Allow me to tell you a true story. Many moons ago I purchased a Sigur Rós album on a whim, the one which is entitled with a neat pair of symmetrical parentheses and whose tracks are similarly oblique. It was only a year or so later – after many listens along moonlit country roads and empty motorways – when I discovered that the album I was listening to was not in fact the album I thought I was listening to. The record shop clerk had mistakenly slipped the wrong disc in the sleeve and, given a bum steer by the band’s reluctance to conform to helpful titles and the like, neither he nor I noticed.
So it goes with Sigur Rós releases: the listener should know what they are getting, and part of that is the not knowing what they are getting. One can safely assume that not many can speak Vonlenska, the invented language of sound ululated by Jónsi a lot of the time, nor will they have many records in their collection which emulate the shifting slabs of sound which comprise the band’s output. The appeal of Sigur Rós is the strange, enigmatic quality of their songs and the invitation to a weird and wonderful world of talking animals, frozen lakes and juddermen with twigs for fingers.
On Kveikur, however, the band has taken something of a sideways step, boasting of a style more fierce and dark than on previous albums. This, of course, is slightly disingenuous. The same sonic textures that have critics reaching for synonyms for “soaring” are present and correct but there are more minor keys, more sturm und klang, more intensity. Take, for example, the opening ‘Brennisteinn’, which reprises the band’s trademark ambience but adds more cutlery drawers, or the unsettling, backwards vocals and the dissonant machinery on the title track. It may be more intense but it does not always make for pleasant listening.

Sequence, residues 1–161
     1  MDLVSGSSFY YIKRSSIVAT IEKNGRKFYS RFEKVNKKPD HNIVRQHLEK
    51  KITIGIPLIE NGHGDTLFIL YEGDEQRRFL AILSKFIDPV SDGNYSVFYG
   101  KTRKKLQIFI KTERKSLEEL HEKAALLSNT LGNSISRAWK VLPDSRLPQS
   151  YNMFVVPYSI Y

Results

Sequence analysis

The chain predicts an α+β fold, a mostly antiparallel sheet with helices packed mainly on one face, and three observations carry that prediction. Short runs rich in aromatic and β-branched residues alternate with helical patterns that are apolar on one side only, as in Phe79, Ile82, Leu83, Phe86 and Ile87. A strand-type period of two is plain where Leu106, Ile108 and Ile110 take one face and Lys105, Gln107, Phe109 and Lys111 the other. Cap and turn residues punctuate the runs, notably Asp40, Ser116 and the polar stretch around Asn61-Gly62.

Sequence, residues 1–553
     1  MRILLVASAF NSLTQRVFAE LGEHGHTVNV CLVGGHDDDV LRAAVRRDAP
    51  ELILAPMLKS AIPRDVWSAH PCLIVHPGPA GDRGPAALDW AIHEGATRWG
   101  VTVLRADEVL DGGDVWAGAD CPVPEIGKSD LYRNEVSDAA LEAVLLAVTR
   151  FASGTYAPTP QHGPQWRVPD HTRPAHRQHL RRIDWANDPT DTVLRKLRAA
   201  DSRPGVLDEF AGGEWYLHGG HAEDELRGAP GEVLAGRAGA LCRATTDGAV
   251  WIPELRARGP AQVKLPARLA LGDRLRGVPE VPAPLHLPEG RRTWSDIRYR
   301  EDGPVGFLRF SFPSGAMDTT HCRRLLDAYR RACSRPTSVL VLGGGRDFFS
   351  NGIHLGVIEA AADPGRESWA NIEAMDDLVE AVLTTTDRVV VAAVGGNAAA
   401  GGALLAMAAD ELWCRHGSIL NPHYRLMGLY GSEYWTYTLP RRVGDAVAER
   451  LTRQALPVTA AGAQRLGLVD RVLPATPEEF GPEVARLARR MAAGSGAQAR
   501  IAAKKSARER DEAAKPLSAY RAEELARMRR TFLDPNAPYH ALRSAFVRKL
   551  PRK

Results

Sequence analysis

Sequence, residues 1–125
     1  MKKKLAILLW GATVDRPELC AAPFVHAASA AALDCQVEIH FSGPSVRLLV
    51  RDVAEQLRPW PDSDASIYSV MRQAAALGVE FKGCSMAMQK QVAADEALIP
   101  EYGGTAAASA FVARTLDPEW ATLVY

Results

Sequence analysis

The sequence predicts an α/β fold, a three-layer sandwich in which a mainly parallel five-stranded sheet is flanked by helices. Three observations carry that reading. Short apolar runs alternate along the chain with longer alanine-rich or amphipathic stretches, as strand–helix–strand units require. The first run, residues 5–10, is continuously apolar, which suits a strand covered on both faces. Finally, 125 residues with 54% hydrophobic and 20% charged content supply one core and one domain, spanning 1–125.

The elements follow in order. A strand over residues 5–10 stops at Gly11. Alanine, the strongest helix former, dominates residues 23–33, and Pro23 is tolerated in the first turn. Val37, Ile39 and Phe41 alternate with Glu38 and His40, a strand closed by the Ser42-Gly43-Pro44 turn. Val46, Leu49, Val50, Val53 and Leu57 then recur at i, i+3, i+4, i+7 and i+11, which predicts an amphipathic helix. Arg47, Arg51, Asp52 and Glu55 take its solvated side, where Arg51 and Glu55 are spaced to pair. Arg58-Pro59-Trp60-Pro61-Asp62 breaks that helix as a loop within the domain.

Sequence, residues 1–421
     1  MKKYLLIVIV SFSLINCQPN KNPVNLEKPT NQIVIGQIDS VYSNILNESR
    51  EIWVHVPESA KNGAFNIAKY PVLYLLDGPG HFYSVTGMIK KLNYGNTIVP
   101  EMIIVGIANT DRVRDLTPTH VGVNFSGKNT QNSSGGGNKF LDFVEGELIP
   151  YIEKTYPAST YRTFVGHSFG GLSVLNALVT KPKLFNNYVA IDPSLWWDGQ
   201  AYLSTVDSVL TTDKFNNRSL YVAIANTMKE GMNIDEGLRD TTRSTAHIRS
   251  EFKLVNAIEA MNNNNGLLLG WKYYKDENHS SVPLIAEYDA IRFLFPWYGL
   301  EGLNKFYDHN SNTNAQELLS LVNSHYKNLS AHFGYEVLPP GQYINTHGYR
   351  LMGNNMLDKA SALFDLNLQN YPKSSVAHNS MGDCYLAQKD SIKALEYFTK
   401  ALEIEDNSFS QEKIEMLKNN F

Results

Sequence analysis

Of course, it would be naive to argue that any given musical release should offer an easy prospect. There’s nothing wrong with having to graft at a record before it all starts to click. But in veering away from what made them so enigmatic Sigur Rós at times threaten to become less engaging. Shorn of multi-instrumentalist Kjartan Sveinsson who would have once added much of the sweetness, the emphasis is now on thumping, speaker splitting noise. There are moments such as ‘Stormur’ which could easily soundtrack any number of wildlife documentaries on the BBC yet on most occasions the approach is one of discord. Therefore, how much you will enjoy Kveikur will hinge on how much you relish cavernous and, yes, soaring symphonies; ones that on this journey to the woods and frozen lakes are altogether more sinister. Ross Thompson